It’s packed with vitamins C and K, folate, phosphorus, magnesium, and other antioxidants.
Collards are closely related to kale, cabbage, and mustard greens. They’re actually prepared in similar ways. It has large green leaves with tough stems which are removed before eating or cooking.
Aside from fiber, they’re also an excellent source of calcium and vitamins A and C. It also contains iron, vitamin B6, magnesium, and vitamin K.
Pumpkin is a type of winter squash that although particularly popular as décor around Thanksgiving and Halloween, as a vegetable (technically, a fruit), it's quite nutritious.
Pumpkin’s alpha-carotene, beta carotene, beta-cryptoxanthin, and other antioxidants protect cells against free radicals. It also contains vitamins A, C, and E, iron, and folate.
Taro is a starchy root vegetable that although originally cultivated in Asia, is now more known around the world. Its white flesh with purple specks has a mild, sweet taste with a texture similar to a potato.
Taro aside from fiber contains resistant starch which slows down digestion and reduces the occurrence of blood sugar spikes after a meal.
Butternut squash is also a winter squash that has a sweet and nutty flavor. It’s also quite versatile and will be as delicious whether in sweet or savory dishes.
A cup of cooked butternut squash can provide more than 450% of the RDI for vitamin A. It’s also a great source of antioxidants including vitamin C, vitamin E, and beta carotene.
Parsnips are actually a member of the carrot family. And aside from the resemblance in appearance parsnips also has a nutty taste similar to that of carrot’s plus a distinct sweetness and earthy taste.
Parsnips also contain potassium, vitamin C, and vitamin B6. In addition to its rich fiber content, it also has anti-inflammatory and anti-fungal properties.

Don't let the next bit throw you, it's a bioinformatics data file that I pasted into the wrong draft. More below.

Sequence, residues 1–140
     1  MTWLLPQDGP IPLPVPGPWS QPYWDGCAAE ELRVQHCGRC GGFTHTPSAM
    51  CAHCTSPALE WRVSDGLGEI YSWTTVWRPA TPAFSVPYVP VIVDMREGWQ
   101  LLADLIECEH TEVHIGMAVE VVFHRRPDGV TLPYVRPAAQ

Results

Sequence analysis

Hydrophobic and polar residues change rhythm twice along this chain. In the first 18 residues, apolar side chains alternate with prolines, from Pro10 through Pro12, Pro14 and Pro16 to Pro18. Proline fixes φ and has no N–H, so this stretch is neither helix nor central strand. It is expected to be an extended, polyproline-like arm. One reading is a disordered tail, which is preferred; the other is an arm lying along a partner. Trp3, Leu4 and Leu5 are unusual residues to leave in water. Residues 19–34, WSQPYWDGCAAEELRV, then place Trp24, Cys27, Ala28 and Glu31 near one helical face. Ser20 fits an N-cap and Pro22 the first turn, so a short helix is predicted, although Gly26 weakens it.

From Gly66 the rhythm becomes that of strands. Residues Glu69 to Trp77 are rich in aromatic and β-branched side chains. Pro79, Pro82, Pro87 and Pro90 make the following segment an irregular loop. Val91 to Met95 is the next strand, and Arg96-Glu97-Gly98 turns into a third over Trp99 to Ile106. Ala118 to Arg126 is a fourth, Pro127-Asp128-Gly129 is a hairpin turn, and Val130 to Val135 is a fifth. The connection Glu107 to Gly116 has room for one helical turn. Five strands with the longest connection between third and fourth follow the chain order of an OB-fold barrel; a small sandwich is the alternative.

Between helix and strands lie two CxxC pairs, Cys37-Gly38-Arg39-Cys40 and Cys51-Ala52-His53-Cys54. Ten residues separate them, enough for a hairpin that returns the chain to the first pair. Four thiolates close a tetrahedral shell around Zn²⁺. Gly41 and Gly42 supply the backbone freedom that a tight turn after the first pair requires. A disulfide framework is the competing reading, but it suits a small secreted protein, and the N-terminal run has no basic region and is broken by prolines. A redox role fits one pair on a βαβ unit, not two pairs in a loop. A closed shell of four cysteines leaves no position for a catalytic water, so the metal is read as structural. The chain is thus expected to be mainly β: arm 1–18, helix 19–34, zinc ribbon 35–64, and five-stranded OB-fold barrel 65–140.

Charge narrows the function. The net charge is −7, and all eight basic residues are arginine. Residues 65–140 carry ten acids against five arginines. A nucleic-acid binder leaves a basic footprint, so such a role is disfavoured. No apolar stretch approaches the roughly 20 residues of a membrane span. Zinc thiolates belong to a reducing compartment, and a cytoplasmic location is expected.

Yam is a type of tuber vegetable that is oftentimes mistaken for sweet potatoes. Yams are actually less sweet and more starchy and have a recognizable brown and bark-like exterior. The flesh can be white, purple, yellow, or pink depending on its maturity.
Yam contains an abundance of potassium, copper, manganese, and vitamin C. It also has a unique compound called diosgenin which may help in enhancing memory and brain function.
It’s undeniable that among healthy greens, kale is quite the favorite. And rightfully so, because it’s one of the most nutritious plant foods known to men. This green tressure is a member of the cabbage family.
Kale is packed with vitamins K, A, C, and B6. It also contains manganese, copper, calcium, potassium, magnesium, and decent amounts of thiamin, riboflavin, niacin, iron, and phosphorus.
This miniature tree-looking vegetable is also a nutritional powerhouse. Aside from its florets, its stalks or stems are also edible and actually taste milder and sweet (quite similar to kohlrabi).
Broccoli is rich in vitamin C and K, a cup pack about 135% and 116% of the RDI, respectively. It also contains folate, vitamin A, potassium, phosphorus, selenium, and potent antioxidants.
Kohlrabi, also known as German turnip, is a cruciferous vegetable and is related to the cabbage family. Its taste is similar to that of broccoli’s stems and cabbage.
It’s an excellent source of vitamin C, and a good source of potassium and vitamin B6 aside from its fiber content. Its antioxidants content may help in boosting immune health which lowers the risk of chronic diseases.
Carrots are also quite a staple in many households. They come in a variety of colors. Generally, it has a mildly sweet, earthy, and somewhat bitter taste – which slightly differs depending on the variety.
Carrots are loaded with beta carotene which helps in keeping the eyes healthy while lowering the chances of cataracts and other eye problems. It also contains calcium and vitamin K which support bone health.